Chevron asked a federal court in New York Monday to order a Manhattan litigation-consulting firm to turn over documents describing its work with plaintiffs lawyer Steven Donziger.

The demand for information is directed at H5, a company that advises attorneys on how to “find the information they need in litigation while dramatically curtailing litigation costs,” among other services, Bloomberg said.

Beginning in 2009, Chevron alleges, H5 helped Donziger in an Ecuador pollution case despite knowing he was using fraud and deceit to pursue the claims.

“One of the tasks Chevron alleges H5 assisted with was the establishment of a shell corporation in Gibraltar to serve as the recipient of any recovery in the case. The shell corporation is called Amazonia Recovery Ltd., Chevron said in court papers filed last week.”

Chevron alleges that an online-gambling mogul and Gibraltar resident named Russell DeLeon has invested up to $25 million in Donziger’s legal campaign against the oil company.

“Chevron has sued DeLeon in Gibraltar, accusing him of financing a corrupt case in exchange for a share of any proceeds,” Bloomberg said.

DeLeon has denied wrongdoing but a judge in Gibraltar ruled in mid-March that Chevron can proceed with its civil suit against him.

Donziger won an $18 billion judgment against Chevron in Ecuador three years ago on behalf of indigenous Amazon tribes. The judgment was later reduced by an Ecuador court to $9.5 billion.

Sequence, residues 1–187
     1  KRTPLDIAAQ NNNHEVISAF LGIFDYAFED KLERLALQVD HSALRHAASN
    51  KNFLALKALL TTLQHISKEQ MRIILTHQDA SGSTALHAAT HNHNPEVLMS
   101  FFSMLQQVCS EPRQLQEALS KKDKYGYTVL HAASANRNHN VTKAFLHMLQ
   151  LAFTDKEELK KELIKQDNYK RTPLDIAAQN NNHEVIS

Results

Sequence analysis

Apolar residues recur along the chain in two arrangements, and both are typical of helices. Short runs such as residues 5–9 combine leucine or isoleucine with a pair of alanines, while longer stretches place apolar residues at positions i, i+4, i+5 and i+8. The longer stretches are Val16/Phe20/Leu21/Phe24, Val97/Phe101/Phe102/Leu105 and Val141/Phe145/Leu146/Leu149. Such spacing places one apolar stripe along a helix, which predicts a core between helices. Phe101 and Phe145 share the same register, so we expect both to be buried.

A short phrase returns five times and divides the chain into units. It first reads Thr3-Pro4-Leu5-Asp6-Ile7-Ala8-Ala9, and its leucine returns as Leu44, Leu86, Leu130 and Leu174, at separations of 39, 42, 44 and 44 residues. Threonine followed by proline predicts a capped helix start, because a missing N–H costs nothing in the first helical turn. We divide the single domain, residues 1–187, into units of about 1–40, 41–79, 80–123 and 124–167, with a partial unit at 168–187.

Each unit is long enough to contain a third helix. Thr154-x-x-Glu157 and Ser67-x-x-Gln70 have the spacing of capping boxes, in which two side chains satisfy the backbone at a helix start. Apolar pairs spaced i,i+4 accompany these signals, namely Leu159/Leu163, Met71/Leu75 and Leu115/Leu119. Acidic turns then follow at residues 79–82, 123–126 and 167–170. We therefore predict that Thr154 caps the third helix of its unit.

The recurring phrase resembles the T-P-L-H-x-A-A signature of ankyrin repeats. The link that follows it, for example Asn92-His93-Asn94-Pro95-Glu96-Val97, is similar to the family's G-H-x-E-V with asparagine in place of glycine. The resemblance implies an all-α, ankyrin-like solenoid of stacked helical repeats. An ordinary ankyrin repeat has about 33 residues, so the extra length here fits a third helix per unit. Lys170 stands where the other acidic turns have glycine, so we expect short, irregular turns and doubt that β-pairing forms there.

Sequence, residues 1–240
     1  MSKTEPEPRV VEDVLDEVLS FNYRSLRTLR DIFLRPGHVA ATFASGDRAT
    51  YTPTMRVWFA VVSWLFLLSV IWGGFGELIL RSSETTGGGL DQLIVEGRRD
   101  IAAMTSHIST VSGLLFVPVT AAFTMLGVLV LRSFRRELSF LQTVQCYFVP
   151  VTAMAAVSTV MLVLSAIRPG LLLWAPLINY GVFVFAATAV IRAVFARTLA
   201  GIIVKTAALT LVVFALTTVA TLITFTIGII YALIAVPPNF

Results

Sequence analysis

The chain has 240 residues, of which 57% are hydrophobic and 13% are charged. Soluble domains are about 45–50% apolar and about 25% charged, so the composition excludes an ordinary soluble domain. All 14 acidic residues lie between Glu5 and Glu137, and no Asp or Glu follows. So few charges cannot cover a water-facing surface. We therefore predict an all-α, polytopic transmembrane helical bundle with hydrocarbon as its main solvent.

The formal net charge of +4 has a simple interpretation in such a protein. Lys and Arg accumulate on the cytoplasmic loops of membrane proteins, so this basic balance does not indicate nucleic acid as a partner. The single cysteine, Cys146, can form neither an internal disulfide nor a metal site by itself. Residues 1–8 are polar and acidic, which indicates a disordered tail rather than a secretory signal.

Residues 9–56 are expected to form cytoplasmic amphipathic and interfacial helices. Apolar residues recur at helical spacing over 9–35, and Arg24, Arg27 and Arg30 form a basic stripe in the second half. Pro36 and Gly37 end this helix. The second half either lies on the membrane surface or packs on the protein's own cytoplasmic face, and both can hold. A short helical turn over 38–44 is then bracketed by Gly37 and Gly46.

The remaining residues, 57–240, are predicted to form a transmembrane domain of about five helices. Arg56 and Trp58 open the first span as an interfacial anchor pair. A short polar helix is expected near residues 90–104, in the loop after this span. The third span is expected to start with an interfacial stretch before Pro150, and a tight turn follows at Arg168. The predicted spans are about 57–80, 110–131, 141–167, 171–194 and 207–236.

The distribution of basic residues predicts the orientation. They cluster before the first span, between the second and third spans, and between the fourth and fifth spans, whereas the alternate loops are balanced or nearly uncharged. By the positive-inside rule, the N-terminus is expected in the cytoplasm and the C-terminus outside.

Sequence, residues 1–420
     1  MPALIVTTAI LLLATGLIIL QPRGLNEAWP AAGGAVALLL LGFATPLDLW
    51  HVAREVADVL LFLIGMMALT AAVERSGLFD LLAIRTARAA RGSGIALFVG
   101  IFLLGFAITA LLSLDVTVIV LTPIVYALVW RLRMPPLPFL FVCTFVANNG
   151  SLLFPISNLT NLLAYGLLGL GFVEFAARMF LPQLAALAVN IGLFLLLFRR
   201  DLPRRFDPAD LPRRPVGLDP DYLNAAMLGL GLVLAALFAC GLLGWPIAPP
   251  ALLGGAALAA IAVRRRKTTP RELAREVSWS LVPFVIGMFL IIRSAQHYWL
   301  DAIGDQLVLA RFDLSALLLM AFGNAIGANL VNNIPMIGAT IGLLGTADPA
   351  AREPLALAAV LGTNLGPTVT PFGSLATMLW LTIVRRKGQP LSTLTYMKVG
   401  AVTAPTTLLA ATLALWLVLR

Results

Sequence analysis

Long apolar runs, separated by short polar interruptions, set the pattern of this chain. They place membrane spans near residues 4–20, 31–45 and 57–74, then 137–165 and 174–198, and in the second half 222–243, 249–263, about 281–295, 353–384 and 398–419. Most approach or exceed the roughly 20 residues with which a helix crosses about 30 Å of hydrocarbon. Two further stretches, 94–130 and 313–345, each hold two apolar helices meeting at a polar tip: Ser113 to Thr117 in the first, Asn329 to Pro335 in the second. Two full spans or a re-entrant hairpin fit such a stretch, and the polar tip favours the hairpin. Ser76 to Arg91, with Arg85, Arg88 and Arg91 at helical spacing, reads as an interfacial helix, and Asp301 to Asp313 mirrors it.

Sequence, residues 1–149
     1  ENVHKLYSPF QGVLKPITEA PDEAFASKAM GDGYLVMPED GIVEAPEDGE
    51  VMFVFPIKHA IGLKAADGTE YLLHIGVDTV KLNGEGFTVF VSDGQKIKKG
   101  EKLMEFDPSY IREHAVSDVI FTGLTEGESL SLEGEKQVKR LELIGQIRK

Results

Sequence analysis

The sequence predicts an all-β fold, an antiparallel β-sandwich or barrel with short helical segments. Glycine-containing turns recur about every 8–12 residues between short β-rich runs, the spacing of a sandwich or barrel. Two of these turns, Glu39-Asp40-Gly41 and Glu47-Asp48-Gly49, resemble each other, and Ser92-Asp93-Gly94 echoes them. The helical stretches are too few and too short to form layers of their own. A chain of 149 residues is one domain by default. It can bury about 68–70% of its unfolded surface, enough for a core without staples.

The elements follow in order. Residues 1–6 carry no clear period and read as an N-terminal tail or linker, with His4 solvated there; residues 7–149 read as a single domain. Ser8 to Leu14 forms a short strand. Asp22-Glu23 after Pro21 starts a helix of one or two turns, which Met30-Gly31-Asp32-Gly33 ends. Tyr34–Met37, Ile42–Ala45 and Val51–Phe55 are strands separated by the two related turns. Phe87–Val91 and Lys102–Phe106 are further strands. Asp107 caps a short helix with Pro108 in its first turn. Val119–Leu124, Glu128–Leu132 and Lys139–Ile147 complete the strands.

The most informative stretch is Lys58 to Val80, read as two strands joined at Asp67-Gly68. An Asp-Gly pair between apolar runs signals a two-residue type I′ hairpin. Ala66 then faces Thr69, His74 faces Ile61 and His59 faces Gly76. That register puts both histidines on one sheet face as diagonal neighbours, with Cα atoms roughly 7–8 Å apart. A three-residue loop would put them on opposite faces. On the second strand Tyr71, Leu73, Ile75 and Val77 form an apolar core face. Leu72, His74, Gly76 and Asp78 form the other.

Chevron sued Donziger in federal court in New York, alleging that the Ecuador award was tainted by bribery and fraud.

In March, U.S. District Judge Lewis Kaplan ruled that the Ecuador judgment was the product of graft and “egregious fraud.”

He barred Donziger from profiting from the award or trying to collect it.

Donziger has appealed Judge Kaplan’s ruling.

 DeLeon has known Donziger since they were students together at Harvard Law School. He reportedly made a billion-dollar fortune with a digital gambling company called PartyGaming.


Earlier this month, Washington, D.C. law firm Patton Boggs agreed to pay $15 million to settle a claims by Chevron over the firm’s efforts to help Donziger collect the Ecuador judgment.

Patton Boggs also granted Chevron the extraordinary right to question two of its partners under oath about the case.

H5 said in a statement to the AmLaw Litigation Daily that it would comply with “legal and appropriate requests for information.”


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